28
February
2006

Interruptions kill productivity 23:09 on Tuesday

Computers reduce productivity by providing at least two ways for an increasing amount of interruptions to enter our lives:

  • Interruptions from unnecessary multitasking
  • Interruptions from increased (and possibly unnecessary) ways of communication

By unnecessary multitasking I refer to so called “switching to professor mode”. More often than we would like to admit, computers require a lot of thought to operate. When problems arise, the amount of thought required very quickly surpasses the attention span of a regular user, let alone their technical knowledge. The unlucky of us who profess a higher skill with digital problem solving spend many unnecessary hours remedying a problem we wouldn’t even have if it wasn’t for computers.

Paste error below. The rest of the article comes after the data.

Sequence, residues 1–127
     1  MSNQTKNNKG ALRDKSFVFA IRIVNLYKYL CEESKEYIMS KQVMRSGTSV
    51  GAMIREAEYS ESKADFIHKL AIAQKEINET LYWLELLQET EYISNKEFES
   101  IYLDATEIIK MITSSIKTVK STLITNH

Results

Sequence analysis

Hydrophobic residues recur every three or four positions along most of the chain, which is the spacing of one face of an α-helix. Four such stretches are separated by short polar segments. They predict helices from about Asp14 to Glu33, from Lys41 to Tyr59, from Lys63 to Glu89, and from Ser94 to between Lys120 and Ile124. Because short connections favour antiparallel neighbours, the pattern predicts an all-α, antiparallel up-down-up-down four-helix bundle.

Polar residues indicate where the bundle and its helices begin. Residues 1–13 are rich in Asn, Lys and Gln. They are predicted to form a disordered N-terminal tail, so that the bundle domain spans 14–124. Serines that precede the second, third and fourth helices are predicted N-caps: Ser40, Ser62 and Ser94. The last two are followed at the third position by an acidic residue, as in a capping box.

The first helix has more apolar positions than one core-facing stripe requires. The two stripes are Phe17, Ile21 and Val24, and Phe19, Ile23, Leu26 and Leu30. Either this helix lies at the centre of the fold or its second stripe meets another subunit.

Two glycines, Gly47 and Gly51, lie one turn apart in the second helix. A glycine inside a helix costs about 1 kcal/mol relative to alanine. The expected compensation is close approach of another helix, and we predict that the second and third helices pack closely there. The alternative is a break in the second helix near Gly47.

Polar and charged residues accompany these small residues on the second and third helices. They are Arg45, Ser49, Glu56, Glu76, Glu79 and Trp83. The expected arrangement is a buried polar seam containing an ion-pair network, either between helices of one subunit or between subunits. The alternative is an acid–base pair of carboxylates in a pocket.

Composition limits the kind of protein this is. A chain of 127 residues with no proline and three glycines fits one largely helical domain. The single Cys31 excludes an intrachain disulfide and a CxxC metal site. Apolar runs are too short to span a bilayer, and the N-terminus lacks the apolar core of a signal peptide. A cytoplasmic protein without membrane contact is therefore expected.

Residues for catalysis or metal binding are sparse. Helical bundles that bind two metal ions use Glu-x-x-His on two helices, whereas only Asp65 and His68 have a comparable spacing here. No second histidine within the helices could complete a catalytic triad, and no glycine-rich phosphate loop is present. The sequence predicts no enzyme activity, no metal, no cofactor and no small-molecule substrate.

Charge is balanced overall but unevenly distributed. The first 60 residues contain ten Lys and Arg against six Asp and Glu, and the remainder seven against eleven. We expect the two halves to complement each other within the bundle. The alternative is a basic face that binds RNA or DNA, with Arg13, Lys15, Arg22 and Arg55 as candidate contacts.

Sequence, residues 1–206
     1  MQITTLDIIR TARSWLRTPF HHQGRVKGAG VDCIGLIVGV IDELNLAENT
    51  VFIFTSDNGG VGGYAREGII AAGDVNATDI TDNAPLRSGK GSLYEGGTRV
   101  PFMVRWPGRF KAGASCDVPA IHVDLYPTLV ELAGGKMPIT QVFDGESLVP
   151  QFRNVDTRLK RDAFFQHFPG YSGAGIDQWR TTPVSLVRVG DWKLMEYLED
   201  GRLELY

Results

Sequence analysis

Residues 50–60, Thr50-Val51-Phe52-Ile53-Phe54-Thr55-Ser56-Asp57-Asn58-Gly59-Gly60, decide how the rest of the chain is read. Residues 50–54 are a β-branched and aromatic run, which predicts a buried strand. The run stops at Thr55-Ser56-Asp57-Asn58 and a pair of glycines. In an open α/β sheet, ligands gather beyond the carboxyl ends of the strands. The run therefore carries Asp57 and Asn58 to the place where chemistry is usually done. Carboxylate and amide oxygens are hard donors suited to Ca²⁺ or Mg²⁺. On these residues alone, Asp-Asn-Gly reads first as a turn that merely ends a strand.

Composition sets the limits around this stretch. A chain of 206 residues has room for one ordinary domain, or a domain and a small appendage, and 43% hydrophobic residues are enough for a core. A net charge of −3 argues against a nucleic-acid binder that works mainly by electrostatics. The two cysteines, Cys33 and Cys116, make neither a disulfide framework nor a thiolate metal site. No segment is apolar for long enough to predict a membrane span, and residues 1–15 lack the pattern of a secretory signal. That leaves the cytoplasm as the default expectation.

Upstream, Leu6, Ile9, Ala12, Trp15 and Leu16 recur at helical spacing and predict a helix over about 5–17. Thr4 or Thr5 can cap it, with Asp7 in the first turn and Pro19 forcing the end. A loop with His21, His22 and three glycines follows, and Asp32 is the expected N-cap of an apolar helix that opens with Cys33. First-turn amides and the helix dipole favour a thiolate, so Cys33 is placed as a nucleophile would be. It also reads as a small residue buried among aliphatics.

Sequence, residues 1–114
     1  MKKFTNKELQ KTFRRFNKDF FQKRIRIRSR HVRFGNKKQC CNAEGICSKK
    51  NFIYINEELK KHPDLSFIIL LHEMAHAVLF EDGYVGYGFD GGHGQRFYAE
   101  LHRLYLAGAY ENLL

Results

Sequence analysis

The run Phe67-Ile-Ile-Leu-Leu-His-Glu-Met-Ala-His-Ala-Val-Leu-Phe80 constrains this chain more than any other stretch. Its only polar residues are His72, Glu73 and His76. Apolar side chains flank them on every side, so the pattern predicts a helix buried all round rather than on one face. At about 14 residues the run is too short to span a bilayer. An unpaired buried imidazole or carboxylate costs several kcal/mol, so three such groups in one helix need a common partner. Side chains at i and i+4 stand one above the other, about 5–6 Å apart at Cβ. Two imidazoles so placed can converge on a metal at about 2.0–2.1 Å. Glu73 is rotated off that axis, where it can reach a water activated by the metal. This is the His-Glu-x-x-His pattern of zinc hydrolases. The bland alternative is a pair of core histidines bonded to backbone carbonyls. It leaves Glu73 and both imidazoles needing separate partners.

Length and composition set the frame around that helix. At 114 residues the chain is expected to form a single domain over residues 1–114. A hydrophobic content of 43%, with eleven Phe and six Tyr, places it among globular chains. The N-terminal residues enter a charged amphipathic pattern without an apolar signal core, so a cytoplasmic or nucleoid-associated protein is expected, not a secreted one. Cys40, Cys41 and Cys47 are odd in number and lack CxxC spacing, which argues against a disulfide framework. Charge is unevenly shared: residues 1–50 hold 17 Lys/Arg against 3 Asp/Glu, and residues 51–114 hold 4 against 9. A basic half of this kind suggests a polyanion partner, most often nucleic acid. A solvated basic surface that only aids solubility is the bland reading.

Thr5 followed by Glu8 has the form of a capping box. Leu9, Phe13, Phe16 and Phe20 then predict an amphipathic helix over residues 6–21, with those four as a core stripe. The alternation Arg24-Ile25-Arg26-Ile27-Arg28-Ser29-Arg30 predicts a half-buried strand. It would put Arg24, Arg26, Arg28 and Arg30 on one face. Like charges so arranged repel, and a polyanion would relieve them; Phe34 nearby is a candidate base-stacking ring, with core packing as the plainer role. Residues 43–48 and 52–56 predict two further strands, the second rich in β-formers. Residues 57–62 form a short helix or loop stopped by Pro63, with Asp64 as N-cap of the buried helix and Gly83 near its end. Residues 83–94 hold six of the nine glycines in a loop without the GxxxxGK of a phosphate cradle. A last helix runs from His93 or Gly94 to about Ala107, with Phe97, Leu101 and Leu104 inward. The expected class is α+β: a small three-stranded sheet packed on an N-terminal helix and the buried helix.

Computers also provide us with a multitude of ways to stay connected at all times. We let our email software check for new messages automatically every 5 minutes, any of our 60 closest buddies can instant message us at any moment, and constantly refreshing RSS feeds keep us updated on what’s going on with our topics of interest. This always-on mindset creates a false sense of being able to respond quickly to any challenge that may arise.

It can be extremely difficult to arrange uninterrupted, productive, quality time between yourself and your computer. And when you’ve finally managed to log off the email, AIM, MSN and Skype, it takes a lot to stay motivated when your software tools crash and send you into the professor mode once again.

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